“Cutting off food? Really? Is this what our country has come to?”

I’ve written before about my respect for Politico columnist Roger Simon.  He’s an excellent writer, and thinker.  And he writes the kind of columns that few do, or can.  Think Mike Royko, Or Frank Rich.

This time, Simon takes on the Tea Party, and the larger – what to call it, malaise, drift, deadlock, lunacy? – to grip Washington, DC as the Tea Party stranglehold over the Republican party turns the GOP ever more to the right, and towards permanent confrontation.

Simon uses the story of the scorpion and frog, where both animals need to cross the river, and the scorpion suggests it catch a ride on the frog’s back.  The frog, understandably, says “no way, you’re going to sting me halfway through and I’m going to drown.”  The scorpion responds, reassuringly, “don’t be silly, if I sting you halfway through, then we both drown.”

So, won over by the incontrovertible scorpion logic, the frog carries his deadly adversary across the river, and midway through – what happens? – the scorpion stings the frog.

As they both start to drawn, the frog asks the scorpion, “why did you sting me?”

The scorpion replies, “I had no choice, it’s in my nature.”

Scorpion via Shutterstock

Scorpion via Shutterstock

Simon continues:

There are scorpions among us. They sit in Congress, committed not to solving problems, but blocking solutions.

They would take the food out of the mouths of children. They would put the insurance companies back in charge of health care. They would shut the government down, refuse to pay the nation’s bills, destroy the trust that other countries place in us when they buy our bonds, they would do all this rather than give President Obama the slimmest of political victories.

Why? It is their nature.

I am not talking about the entire Republican Party. I am talking about a faction of far-right, tea party-driven congressmen who do not care who drowns.

They don’t have real alternate plans to help people. They weren’t, they believe, elected to help people. They were elected, they believe, to keep the other side from helping people.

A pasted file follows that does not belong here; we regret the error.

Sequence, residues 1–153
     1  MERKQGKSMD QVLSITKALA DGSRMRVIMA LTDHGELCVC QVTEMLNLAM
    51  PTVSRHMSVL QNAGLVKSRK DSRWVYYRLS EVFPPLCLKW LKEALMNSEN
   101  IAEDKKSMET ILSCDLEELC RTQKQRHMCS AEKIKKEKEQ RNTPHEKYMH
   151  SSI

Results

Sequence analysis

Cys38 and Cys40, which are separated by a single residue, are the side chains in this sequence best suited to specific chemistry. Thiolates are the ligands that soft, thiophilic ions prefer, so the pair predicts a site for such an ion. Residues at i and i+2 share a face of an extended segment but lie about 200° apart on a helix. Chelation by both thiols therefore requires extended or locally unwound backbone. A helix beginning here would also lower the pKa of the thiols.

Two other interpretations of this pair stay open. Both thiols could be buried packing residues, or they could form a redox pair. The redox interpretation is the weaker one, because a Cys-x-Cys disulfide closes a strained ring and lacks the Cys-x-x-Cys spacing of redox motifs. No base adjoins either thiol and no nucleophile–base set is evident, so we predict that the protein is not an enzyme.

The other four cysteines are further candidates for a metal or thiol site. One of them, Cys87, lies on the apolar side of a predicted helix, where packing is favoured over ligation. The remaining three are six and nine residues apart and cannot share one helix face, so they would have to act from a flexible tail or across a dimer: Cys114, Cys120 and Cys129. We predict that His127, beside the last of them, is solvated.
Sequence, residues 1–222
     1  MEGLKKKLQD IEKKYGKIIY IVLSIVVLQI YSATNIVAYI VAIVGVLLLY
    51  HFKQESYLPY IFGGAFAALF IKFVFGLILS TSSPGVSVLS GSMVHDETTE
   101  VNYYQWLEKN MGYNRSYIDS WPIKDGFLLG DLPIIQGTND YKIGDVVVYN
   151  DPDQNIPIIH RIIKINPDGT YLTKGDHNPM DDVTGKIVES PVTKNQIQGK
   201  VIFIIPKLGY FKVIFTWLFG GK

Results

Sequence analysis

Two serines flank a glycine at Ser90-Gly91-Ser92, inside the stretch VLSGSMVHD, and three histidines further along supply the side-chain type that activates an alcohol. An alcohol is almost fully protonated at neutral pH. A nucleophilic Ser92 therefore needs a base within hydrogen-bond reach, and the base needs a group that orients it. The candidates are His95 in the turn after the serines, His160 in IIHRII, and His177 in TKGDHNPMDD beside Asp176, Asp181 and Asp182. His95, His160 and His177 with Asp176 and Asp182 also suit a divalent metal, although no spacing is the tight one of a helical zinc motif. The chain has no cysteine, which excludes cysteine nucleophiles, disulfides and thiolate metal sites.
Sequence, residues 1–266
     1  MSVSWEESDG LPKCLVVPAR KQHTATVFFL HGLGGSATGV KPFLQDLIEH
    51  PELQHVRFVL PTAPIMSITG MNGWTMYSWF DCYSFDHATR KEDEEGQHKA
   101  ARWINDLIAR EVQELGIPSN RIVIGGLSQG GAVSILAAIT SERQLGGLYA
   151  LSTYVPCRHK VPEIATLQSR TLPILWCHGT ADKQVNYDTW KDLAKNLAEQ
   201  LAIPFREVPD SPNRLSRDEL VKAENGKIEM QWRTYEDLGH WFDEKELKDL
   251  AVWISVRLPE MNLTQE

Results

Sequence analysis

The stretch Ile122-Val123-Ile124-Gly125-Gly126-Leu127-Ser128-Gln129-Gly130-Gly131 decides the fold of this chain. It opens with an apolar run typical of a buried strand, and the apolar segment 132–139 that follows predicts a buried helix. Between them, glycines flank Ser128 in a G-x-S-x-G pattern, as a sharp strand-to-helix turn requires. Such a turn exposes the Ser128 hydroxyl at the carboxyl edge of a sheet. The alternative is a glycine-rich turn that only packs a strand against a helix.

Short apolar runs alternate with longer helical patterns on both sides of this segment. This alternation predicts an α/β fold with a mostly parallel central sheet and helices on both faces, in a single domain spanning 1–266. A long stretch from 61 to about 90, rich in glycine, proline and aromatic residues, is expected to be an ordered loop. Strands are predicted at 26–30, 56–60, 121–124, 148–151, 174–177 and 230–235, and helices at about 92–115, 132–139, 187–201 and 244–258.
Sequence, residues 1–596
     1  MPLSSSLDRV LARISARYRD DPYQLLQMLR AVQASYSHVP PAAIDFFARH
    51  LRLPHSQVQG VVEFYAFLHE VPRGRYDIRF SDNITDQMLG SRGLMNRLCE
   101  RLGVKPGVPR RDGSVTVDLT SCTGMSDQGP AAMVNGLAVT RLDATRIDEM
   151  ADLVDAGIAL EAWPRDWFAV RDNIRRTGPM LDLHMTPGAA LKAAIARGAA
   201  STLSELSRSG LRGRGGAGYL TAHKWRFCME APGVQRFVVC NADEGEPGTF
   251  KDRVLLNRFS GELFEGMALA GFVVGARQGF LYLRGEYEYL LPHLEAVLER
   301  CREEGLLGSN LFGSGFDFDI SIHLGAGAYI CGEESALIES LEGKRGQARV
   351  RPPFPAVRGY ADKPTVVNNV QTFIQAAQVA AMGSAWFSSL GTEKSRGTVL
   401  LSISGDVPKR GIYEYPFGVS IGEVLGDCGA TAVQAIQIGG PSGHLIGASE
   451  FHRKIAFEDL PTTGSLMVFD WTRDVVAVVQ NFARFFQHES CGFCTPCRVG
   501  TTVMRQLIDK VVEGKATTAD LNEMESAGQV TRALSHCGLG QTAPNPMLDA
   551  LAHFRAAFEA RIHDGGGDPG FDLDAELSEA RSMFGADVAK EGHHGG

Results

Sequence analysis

The thing is, Newt Gingrich didn’t care who drowned either.  Republicans all the way back to the early 1990s didn’t care who drowned.  And the scorpions go all the way back to the advent of the modern religious right, and the early 1980s.  The Tea Party is only the latest scorpion of indifference to visit the GOP.

Now, that doesn’t mean that things haven’t gotten particularly worse the last few years.  I think they have. In addition to being indifferent – and I’d argue antagonistic – to the suffering of others, the fringe controlling the GOP has now gotten a bit crazy to boot.

The Republican party is a coalition built on hate, intolerance, indifference, and lies.  It not only doesn’t exist to compromise, but as Simon notes, the GOP doesn’t exist to help people period – Simon says he’s talking about the Tea Party fringe, and not the entire GOP, but what’s the difference? The extremist tail is wagging the political dog, and it has been for thirty years.

What’s worse, as the GOP is not a party built on truth, or even reality – the age of the earth being 6,000 years, and climate change being a lie worthy of Hitler, come to mind – they see no cost to their lack of cooperation.  If they default on the national debt, cut food stamps $40 billion, repeal Obamacare, none of it will make any difference because to them none of it is real.

We’re dealing with people who hate government, in all its forms.

And they don’t particularly like people either.

So not only do they not believe that the world is going to come crashing down if they default on the national debt or cut programs for seniors.  But they also don’t particularly care if it does.

CyberDisobedience on Substack | @aravosis | Facebook | Instagram | LinkedIn. John Aravosis is the Executive Editor of AMERICAblog, which he founded in 2004. He has a joint law degree (JD) and masters in Foreign Service from Georgetown; and has worked in the US Senate, World Bank, Children's Defense Fund, the United Nations Development Programme, and as a stringer for the Economist. He is a frequent TV pundit, having appeared on the O'Reilly Factor, Hardball, World News Tonight, Nightline, AM Joy & Reliable Sources, among others. John lives in Washington, DC. .

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